PichaEats re-evaluates business model to support refugees and frontliners in response to Covid-19

To continue upholding its cause of empowering refugees, the social enterprise made a vital decision — abandon its old business model.

CEO and co-founder of PichaEats Kim Lim shares the struggles and challenges of maintaining their social cause amid the coronavirus pandemic (All photos: PichaEats)

Far away from our land, refugee settlements are facing the fear of the novel coronavirus ripping through their camps with speed and mortality. Having endured displacement from their native homes, they now face the prospect of protracted devastation as the pandemic decimates their chance of survival due to lack of healthcare and food aid.

Quarantine, social distancing or any form of self-isolation are fantasies for refugees who cannot afford basic materials such as face masks and soap to prevent the spread of coronavirus. Hygiene is suddenly a luxury.

In Malaysia, PichaEats — a social enterprise established in 2016 that grew out of a desire to train refugees to cater and deliver food so they could earn a living to help their children receive education — was not going to deprive its “heroes” of the source of their livelihood. In fact, like an innovative enterprise should, CEO and co-founder Kim Lim pivoted the business and catering platform to keep their social cause alive.

“Catering, which makes up 60% of our business, has definitely taken the hardest toll. We’re expecting zero catering sales for the rest of the year,” laments Lim. 

Although the Movement Control Order (MCO) crippled most industries as people are required to stay home, Picha swiftly responded before the country’s economic disruption becomes debilitating. With Ramadan just around the corner, Lim immediately rounded up its team members to prepare their mindset for the imminent challenges since all they could do was food delivery.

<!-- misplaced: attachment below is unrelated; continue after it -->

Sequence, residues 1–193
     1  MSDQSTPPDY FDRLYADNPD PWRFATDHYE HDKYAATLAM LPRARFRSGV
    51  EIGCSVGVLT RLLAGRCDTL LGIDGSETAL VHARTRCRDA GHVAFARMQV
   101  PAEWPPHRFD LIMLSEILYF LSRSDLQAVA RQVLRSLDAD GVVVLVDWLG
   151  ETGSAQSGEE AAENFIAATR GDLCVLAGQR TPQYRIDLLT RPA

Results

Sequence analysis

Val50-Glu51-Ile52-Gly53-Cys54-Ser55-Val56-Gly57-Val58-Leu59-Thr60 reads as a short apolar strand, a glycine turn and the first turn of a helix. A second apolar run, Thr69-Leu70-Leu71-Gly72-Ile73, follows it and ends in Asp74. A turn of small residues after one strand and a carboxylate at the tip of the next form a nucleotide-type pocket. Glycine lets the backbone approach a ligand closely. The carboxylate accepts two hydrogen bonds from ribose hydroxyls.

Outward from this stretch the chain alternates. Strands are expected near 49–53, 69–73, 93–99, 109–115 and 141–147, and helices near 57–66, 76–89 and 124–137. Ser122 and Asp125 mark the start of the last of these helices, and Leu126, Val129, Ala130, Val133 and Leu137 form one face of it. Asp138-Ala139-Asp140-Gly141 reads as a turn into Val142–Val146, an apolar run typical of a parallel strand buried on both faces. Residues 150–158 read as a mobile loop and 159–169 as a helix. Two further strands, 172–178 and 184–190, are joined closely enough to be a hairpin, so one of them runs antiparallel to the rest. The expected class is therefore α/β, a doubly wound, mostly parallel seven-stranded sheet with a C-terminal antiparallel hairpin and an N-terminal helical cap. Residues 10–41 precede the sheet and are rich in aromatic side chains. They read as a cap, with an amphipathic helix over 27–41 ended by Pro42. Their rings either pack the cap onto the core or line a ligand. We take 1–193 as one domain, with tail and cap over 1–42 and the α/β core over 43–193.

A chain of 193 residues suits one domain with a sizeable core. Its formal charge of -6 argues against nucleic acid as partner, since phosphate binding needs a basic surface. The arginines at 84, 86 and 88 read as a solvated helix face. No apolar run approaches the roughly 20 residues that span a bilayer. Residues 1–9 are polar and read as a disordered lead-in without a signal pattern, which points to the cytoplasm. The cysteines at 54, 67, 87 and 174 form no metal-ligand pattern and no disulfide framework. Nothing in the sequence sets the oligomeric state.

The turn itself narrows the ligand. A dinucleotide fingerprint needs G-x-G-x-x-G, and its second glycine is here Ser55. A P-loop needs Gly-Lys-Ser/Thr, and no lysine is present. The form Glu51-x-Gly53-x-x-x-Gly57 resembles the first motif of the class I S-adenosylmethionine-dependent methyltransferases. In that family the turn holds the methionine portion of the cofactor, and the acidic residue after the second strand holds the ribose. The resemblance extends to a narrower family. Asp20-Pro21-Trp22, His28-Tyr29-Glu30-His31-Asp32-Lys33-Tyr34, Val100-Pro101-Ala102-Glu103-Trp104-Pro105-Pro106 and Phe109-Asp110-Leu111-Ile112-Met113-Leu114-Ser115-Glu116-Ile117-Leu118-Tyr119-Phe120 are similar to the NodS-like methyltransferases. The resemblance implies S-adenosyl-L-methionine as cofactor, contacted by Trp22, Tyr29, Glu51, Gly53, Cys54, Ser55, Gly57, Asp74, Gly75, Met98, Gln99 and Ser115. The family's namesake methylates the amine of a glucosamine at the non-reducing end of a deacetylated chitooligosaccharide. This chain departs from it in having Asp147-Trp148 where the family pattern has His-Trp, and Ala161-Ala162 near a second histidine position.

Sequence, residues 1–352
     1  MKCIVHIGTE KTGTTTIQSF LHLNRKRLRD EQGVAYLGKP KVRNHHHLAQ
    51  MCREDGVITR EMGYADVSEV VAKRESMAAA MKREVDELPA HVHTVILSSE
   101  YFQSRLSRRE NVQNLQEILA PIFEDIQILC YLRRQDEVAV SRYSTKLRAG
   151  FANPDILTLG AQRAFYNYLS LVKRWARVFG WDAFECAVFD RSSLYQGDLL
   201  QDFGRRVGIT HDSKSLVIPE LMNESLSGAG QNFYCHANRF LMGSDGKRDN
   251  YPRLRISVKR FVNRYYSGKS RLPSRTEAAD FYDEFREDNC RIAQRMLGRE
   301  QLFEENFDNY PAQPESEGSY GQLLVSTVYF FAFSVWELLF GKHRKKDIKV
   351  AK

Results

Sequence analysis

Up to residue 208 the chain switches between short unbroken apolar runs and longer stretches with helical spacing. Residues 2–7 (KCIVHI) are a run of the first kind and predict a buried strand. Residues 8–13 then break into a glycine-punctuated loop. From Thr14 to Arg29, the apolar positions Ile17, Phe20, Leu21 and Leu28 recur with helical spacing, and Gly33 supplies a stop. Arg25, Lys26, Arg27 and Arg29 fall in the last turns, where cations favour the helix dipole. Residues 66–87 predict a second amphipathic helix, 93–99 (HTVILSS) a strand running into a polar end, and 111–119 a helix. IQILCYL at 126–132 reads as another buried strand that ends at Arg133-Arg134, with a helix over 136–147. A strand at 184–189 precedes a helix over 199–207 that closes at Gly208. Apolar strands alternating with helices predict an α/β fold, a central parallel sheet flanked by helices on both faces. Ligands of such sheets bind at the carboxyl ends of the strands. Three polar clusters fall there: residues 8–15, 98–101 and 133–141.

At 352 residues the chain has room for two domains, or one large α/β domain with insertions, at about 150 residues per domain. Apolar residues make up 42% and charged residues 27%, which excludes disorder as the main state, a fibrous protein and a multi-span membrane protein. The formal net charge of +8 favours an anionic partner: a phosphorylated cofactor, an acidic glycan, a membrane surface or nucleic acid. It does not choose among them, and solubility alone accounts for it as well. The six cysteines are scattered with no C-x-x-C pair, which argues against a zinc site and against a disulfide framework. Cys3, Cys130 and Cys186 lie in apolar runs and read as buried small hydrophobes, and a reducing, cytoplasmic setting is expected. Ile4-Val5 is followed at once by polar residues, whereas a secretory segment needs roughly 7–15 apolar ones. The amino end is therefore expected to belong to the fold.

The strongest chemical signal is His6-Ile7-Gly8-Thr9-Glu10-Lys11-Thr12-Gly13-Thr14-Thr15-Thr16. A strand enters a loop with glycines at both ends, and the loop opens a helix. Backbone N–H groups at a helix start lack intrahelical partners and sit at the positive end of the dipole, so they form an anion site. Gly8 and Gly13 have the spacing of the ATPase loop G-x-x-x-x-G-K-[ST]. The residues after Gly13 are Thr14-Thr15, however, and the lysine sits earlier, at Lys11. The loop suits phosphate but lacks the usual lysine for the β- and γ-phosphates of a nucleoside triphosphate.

Now that catering is out of the question, PichaEats has to rely on food deliveries during the MCO

Hygiene among Picha's chefs was instantly heightened. Before they start cooking, all of them would need to get their body temperature measured before they enter a kitchen that has been sanitised according to the guidelines by the Ministry of Health. Drivers are also required to sanitise their cars before and after delivery. Virtual checks by the Picha team were conducted to monitor all these processes and rules were adhered. 

It wasn’t just members of the public Picha was delivering too — the social enterprise has been busy preparing food for frontliners battling the pandemic head-on. The extra funds gained from the Ramadan (and soon, Raya) menu will be used to help refugees tide through the gruelling months ahead. 

“The team has been curating and working on this menu since the beginning of the year with our Picha chefs, Chef Rania and Chef Dalia. You’ll find familiar dishes like chicken gulai and Smokey Mandi Rice, but the chefs also experimented with offerings like a deconstructed Baklava Chocolate Cake. We want to showcase to people a mix of cultures that inspire our menu.”